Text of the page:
Ex-drug offenders turned activists offer advice for Baltimore's future
There have been numerous “bad guys” portrayed in the media following the uprising in Baltimore after the death of 25-year-old Freddie Gray in police custody.
Reporters who mistook black people for other black people, systemic racism, Twitter users who posed as looters, “thugs” who destroyed property, people who called protesters “thugs” and overly aggressive police officers — have all been singled out at one time or another as being an agitating factor in Baltimore’s seemingly unsettled current state of affairs.
One notion that everyone can agree on is that Baltimore has an uphill battle to climb in terms of being a fair and functioning city and re-adjusting public perception. Redemption for whichever “bad guy” will not be painless and will surely take time.
Earlier this month, theGrio.com spoke with two men who know what it feels like to be pegged as the bad guy and who know first-hand about the journey to start life over.
Kevin Shird, a Baltimore native who spent a total of 12 years in prison on drug charges, believes that his hometown can recover, but it will take work.
“First they need to insure that justice is received in the Freddie Gray police brutality homicide,” said Shird, who has a memoir called Lessons of Redemption. “Those officers have to be jailed. We’re talking about murder. There is indisputable evidence in the case. They can not be allowed to walk. Secondly, they need to put new policies and procedures in place to make sure that the police brutality in Baltimore ends as well as add body cameras to all police officers in Baltimore. And lastly, they are going to have to construct a comprehensive public campaign to rebuild the relationship with the citizens of Baltimore.”
State Attorney Marilyn Mosby seems to be in agreement with Shird. Last week, she announced that Freddie Gray’s death has been ruled a homicide and that six officers involved in the Gray case will be charged. She had this to say:
To the youth of this city, I will seek justice on your behalf. This is a moment. This is your moment. Let’s ensure that we have peaceful and productive rallies that will develop structural and systemic changes for generations to come. You’re at the forefront of this cause. And as young people, our time is now.
The youth have been a big part of the conversation about Baltimore, and young people play a major role in Shird’s life. Today, Shird is co-founder of the Do Right Foundation, an organization that focuses on youth development and substance abuse prevention.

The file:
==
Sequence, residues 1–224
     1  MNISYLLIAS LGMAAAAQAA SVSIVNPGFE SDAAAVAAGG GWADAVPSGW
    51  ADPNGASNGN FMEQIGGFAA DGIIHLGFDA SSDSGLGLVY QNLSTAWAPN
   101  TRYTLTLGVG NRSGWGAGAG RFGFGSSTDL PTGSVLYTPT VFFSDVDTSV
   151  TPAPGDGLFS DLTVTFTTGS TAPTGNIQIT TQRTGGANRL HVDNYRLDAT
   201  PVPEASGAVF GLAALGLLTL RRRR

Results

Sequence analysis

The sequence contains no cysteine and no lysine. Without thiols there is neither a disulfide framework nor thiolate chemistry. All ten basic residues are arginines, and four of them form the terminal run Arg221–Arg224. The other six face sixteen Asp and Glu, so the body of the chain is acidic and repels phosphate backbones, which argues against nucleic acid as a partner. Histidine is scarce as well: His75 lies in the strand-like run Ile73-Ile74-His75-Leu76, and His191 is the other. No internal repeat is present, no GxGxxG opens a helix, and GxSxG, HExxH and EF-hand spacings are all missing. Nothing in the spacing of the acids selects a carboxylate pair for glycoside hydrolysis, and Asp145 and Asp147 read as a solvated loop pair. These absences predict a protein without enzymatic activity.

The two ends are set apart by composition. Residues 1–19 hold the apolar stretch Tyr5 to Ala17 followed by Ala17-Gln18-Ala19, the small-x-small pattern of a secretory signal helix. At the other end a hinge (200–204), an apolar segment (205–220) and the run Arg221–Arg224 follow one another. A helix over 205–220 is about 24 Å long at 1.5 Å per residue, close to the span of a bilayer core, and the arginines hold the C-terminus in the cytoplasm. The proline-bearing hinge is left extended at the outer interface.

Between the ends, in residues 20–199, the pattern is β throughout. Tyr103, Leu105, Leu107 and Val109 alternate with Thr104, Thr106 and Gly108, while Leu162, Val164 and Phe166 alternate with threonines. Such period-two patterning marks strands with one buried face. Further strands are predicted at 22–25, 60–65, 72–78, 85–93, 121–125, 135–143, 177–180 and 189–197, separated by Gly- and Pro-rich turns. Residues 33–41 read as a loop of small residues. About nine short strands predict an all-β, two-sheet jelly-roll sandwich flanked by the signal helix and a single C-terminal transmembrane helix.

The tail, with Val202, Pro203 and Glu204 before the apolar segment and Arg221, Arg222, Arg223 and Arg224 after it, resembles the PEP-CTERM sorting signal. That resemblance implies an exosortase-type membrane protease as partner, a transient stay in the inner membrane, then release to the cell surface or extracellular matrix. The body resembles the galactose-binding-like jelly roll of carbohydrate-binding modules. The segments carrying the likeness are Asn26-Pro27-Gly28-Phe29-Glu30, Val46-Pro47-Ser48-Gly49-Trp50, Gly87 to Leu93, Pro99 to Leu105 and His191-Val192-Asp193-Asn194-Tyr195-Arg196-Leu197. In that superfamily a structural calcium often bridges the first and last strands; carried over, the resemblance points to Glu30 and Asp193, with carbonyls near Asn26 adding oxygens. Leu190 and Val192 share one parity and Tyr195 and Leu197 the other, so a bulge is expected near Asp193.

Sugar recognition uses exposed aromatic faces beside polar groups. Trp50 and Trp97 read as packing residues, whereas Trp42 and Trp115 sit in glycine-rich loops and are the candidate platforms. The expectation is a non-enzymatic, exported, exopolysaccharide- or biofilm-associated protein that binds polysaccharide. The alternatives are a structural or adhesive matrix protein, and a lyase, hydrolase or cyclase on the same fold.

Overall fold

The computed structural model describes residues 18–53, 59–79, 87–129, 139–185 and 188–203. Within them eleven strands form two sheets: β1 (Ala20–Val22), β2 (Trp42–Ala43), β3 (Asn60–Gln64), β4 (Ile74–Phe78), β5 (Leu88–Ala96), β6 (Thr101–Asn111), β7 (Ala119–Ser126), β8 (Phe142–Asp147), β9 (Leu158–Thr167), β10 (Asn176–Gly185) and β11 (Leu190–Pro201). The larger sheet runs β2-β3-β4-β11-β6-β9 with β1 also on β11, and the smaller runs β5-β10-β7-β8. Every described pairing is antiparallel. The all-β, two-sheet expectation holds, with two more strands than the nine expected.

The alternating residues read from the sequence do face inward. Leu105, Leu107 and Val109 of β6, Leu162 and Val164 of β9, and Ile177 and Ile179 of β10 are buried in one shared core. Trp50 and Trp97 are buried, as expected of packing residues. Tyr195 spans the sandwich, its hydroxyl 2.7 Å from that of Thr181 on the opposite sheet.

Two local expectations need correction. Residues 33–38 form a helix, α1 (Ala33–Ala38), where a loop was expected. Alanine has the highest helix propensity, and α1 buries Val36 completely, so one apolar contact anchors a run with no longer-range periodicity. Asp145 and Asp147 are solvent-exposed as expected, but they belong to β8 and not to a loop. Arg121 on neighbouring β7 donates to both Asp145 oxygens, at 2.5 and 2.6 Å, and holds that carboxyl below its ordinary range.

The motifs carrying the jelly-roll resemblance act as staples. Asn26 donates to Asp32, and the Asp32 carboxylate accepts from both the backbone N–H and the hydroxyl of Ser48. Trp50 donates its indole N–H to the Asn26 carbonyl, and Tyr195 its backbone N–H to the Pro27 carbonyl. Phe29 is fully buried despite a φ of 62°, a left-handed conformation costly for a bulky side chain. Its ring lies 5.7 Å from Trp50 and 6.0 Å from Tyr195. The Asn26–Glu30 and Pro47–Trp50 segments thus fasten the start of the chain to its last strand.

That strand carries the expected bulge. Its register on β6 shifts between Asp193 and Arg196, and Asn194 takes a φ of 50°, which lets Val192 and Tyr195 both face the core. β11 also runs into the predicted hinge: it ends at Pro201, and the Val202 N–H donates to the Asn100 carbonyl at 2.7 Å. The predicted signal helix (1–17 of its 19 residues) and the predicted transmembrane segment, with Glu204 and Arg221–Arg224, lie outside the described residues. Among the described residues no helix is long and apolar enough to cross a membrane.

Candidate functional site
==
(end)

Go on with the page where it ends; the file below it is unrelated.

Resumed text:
But in his youth, Shird was running the streets of Baltimore, selling drugs and dodging the police (for various reasons). He understands the frustration the young people of Baltimore feel, and he also knows that issues of excessive force involving the police department are not new.
“Everybody in the Western District knows that if you run from the police and you get caught, you’re subject to a beating by cops,” Shird said. “It’s a situation that has been going on even when I was out in the streets hustling two decades ago […] This incident with Freddie Gray should not have been a surprise to anyone in that area. No one should have been surprised.”
Being treated in such a way by the police can perpetuate feelings of disdain. Two weeks ago, the Baltimore Police Department issued a statement saying that they had reason to believe in a “credible threat” that gangs in Baltimore (specifically the Bloods, Crips and the Black Guerilla Family) were banding together to attack white officers.
Baltimore gang members went on camera to dispute that contention. To those not in the street life, gangs are often only associated with negative activities like violence and drug dealing, but some seek to help gang members channel their energy into more positive pursuits.
TheGrio.com spoke with the alleged former leader of the Crips Rollin’ 60s in Los Angeles, Eugene “Big U” Henley. The California native served 13 years in prison on drug-related charges and now heads a youth-centered non-profit called Developing Options, which he founded in 2004.
“They hype the fact that you see young kids reacting to murder,” Henley said. “People are reacting to violence against them. You have a victim who is saying ‘I’m tired of getting beat. I’m tired of getting murdered. But at the same time, I tell young people to take a political stance and have a voice in how these police officers get these jobs. Let’s address these issues now.”
Henley and Shird both agree that a multi-pronged approach to addressing the systemic issues in Baltimore is the most likely way to usher in positive change.